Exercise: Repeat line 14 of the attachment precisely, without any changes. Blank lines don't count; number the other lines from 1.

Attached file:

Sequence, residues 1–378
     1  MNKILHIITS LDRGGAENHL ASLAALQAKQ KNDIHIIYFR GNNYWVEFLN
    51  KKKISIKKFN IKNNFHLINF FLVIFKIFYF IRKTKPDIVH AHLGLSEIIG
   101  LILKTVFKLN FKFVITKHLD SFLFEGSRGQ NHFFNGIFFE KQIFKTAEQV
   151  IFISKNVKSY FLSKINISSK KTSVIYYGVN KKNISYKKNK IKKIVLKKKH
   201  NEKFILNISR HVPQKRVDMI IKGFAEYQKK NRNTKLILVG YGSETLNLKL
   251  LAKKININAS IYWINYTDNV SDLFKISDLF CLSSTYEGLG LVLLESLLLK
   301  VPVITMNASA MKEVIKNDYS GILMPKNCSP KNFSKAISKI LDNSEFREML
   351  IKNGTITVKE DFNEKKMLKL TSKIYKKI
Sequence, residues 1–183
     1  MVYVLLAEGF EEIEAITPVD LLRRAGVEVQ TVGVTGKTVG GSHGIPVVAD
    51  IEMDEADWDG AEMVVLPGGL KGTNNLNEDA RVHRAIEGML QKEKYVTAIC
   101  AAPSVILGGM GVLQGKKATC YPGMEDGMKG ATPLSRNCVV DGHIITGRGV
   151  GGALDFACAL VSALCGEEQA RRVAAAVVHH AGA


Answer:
   151  GGALDFACAL VSALCGEEQA RRVAAAVVHH AGA